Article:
Monday, April 15

How do enrollment times work, and how do they impact Bruins’ class choices?


Pictured is the MyUCLA class planner. Students use the class planner to organize their upcoming schedule and often explore several options to prepare for the possibility of classes filling before their enrollment times. (Jeremy Chen/Photo editor)


This post was updated Feb. 29 at 9:17 p.m.

Enrollment is a recurring college experience that allows Bruins to determine their academic experience by selecting courses and their corresponding professors every quarter.

According to the UCLA Registrar’s Office, enrollment for the academic year typically occurs about a month before the end of fall and winter quarters and a week after the end of spring quarter for the following quarters’ classes. Summer enrollment opens in February. The Registrar’s Office releases the official dates and times for enrollment passes and study lists with course offerings a few weeks before the actual enrollment appointment.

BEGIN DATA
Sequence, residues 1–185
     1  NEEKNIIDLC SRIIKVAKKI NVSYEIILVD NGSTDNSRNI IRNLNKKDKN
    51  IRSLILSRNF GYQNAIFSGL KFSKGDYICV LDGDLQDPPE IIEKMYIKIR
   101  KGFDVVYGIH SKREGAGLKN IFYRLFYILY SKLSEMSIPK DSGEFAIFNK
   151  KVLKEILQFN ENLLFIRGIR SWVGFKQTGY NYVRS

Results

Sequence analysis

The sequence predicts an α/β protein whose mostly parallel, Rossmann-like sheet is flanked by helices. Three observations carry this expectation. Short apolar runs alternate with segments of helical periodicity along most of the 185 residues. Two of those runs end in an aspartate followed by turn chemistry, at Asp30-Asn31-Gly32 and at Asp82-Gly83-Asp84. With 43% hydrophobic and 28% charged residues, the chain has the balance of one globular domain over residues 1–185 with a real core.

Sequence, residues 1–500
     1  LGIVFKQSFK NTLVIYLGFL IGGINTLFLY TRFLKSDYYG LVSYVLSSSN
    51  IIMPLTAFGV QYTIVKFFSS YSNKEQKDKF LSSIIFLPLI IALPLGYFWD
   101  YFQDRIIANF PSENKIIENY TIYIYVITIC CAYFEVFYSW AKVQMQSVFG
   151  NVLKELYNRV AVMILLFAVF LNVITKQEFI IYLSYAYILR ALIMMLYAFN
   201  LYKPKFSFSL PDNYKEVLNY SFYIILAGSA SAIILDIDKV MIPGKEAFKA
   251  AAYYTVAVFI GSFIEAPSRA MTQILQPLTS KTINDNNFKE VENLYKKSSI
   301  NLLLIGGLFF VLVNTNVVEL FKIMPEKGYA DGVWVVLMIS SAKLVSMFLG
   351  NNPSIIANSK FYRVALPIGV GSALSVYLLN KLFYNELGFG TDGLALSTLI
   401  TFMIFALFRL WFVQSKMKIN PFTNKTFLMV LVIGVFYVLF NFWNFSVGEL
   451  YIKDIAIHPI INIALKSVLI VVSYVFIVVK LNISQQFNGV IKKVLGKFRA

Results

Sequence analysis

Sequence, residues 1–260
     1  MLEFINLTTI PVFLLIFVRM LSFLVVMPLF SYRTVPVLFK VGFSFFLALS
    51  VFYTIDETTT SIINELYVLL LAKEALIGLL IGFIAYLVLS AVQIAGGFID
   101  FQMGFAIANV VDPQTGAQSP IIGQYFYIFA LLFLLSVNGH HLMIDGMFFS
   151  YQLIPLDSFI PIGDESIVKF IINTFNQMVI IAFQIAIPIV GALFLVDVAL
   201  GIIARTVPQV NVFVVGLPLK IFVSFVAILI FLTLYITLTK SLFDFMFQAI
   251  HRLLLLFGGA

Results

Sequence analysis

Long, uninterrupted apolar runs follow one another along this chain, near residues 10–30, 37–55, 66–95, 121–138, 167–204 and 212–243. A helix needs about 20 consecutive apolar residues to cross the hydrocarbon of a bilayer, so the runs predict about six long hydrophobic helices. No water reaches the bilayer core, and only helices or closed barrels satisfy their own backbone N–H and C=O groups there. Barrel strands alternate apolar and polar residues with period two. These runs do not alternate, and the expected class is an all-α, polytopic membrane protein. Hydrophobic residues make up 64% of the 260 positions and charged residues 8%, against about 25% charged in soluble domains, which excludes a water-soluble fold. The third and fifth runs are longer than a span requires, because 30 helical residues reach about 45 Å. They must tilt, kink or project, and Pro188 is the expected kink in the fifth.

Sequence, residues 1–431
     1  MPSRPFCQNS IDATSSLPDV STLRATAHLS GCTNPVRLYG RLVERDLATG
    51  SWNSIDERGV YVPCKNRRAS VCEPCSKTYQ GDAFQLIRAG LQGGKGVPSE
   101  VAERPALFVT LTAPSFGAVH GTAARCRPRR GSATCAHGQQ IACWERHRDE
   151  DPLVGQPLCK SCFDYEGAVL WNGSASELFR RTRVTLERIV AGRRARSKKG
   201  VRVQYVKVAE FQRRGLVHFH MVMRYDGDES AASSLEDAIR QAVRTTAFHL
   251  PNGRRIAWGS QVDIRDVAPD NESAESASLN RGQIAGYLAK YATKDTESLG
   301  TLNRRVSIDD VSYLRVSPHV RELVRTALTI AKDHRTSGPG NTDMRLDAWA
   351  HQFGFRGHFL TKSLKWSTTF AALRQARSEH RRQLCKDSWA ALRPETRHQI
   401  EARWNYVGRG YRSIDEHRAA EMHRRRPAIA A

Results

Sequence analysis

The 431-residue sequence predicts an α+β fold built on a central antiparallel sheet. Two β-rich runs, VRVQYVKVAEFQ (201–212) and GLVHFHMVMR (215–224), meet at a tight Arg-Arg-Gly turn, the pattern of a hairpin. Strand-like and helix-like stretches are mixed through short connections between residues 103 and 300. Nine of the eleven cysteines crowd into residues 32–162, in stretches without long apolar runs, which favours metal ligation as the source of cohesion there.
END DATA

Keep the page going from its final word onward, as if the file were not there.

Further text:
Students have the chance to plan their schedules on their class planner on MyUCLA before their enrollment appointment, allowing them time to select and arrange courses based on their graduation requirements, student reviews of professors on Bruinwalk and word-of-mouth reviews of certain classes. Miguel Luna, a third-year aerospace engineering student, said planning the ideal schedule may require multiple strategies.

“I think it’s best to always equip yourself with as many options as you can,” Luna said. “Things might not go your way most of the time, so it’s best to be prepared for that and have a few backups.”